Anyway, sorry to rain on your parade man....

Bill Kirby · Oct 5, 2016 · Baltimore Maryland · Joined Jul 2012 · Points: 40
+1 for Mammut Genesis doubles

+1 for Bluewater.. Can't go wrong with either

NeilB · Oct 5, 2016 · Tehachapi, CA · Joined Apr 2014 · Points: 30
Thanks for the suggestions.
I'm thinking of springing for a couple of the Bluewater Excellence 60m, one blue, one red.

Idaho-Ian · Oct 5, 2016 · Unknown Hometown · Joined Jan 2014 · Points: 0
J. Albers wrote: Hopefully yours perform better than mine because I found them to degrade pretty quickly (the Oxygen and the Petzl Firefly are the only doubles I have owned that were retired because of degradation instead of age). Then again I owned a pair of Oxygen's maybe 8-9 years ago, so perhaps Edelweiss has upped their game. Anyway, sorry to rain on your parade man....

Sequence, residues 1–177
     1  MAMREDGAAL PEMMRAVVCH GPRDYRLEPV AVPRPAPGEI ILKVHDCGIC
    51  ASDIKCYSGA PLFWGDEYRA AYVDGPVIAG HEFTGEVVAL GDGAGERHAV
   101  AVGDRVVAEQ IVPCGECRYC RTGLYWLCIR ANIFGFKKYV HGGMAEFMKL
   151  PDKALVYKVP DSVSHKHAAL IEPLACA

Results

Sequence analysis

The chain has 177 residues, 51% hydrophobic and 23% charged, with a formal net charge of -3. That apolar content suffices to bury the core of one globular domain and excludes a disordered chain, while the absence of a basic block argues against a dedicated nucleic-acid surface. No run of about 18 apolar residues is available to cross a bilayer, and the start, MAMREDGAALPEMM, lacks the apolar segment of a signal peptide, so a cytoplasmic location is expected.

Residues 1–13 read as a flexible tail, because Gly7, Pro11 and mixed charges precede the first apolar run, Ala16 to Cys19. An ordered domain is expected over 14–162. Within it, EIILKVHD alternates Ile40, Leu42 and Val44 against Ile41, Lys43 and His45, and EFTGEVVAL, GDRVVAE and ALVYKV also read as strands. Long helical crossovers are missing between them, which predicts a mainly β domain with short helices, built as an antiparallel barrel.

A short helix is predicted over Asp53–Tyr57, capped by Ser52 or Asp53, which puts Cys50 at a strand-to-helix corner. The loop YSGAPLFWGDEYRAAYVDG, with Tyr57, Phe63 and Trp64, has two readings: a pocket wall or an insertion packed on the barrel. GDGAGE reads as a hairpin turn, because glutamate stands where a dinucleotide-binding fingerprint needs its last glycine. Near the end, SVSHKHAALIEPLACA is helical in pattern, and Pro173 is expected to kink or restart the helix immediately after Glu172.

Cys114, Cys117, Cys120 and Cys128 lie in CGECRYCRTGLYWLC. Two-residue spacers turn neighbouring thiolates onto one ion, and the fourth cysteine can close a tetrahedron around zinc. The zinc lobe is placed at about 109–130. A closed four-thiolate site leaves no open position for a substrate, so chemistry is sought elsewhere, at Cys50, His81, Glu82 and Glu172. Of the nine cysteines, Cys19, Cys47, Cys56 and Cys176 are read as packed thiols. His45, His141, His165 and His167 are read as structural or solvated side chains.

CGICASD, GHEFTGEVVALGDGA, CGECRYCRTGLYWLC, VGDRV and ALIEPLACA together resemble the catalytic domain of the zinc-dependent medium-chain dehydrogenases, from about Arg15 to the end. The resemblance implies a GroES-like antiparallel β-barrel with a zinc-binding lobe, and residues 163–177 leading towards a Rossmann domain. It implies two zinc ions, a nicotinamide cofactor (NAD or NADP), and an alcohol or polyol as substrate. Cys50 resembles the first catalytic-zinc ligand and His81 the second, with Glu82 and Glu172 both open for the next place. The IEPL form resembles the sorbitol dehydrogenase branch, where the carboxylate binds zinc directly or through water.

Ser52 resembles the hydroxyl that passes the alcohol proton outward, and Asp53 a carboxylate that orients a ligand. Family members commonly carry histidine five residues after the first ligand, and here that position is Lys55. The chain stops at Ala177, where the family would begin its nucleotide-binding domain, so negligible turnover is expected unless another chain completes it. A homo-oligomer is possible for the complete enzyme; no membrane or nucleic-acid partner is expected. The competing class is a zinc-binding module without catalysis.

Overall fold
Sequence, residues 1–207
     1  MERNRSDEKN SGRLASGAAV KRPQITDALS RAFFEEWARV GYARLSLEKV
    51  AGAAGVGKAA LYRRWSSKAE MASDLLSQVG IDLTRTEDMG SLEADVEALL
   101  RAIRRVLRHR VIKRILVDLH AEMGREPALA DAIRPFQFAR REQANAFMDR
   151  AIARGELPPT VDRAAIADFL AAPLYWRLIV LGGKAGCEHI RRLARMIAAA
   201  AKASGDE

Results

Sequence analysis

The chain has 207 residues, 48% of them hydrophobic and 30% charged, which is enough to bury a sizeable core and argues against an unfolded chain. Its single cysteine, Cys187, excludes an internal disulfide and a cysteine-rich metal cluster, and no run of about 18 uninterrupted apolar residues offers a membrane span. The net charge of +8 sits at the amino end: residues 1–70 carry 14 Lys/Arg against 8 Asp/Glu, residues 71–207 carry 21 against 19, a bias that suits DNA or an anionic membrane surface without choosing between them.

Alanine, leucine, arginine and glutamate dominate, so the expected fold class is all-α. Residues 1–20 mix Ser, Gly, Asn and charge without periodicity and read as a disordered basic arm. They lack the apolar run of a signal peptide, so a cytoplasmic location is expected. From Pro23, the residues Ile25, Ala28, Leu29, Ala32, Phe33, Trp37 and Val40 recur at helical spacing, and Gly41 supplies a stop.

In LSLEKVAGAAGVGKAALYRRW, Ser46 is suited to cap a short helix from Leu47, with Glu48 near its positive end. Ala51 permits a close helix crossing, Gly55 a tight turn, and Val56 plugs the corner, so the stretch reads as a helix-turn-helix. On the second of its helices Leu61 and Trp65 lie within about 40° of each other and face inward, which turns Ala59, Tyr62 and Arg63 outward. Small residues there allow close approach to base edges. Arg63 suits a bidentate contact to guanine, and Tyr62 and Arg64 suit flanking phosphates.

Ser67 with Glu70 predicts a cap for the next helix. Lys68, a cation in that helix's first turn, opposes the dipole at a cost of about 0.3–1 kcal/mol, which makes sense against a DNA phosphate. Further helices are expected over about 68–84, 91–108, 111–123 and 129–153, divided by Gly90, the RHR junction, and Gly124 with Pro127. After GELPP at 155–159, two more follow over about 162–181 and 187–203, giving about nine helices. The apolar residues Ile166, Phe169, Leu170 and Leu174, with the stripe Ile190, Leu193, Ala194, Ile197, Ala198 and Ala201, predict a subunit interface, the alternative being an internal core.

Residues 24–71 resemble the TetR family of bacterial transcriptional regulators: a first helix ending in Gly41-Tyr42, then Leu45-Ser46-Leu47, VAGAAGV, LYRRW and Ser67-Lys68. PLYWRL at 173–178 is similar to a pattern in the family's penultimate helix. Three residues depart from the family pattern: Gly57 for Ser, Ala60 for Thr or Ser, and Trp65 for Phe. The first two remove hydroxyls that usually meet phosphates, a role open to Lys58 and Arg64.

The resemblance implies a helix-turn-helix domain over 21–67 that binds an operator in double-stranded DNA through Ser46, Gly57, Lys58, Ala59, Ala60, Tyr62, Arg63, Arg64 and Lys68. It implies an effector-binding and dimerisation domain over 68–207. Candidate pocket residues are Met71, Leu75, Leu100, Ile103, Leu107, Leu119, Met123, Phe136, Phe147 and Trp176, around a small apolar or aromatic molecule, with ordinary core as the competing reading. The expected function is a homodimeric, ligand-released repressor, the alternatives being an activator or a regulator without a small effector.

Interesting. These are definitely a new model (Oxygen ii).
It would be interesting to know what you mean by degrade. Do you mean the sheath just wore quickly? Or was there an actual degradation in performance?

Thanks

J. Albers · Oct 5, 2016 · Colorado · Joined Jul 2008 · Points: 1,228
Idaho-Ian wrote: Interesting. These are definitely a new model (Oxygen ii). It would be interesting to know what you mean by degrade. Do you mean the sheath just wore quickly? Or was there an actual degradation in performance? Thanks
The rope got super mushy, the sheath got fuzzy, and the rope got fat. Hopefully the fixed it!

Eric M Parks · Oct 5, 2016 · Campo, CA · Joined Jan 2014 · Points: 165
PMI Verglas 8.1mm X 60m Coral and Caribean colors

Alex Rogers · Oct 5, 2016 · Sydney, Australia · Joined Sep 2010 · Points: 15
As per several comments here - if the need is only occasional, just buy 1 half rope and pair it with your existing lead rope in a half rope system.

I do this by choice frequently - we have very sharp rock where I climb most often, and it is reassuring to have 2 ropes, one of them single rated.

Guideline #1: Don't be a jerk.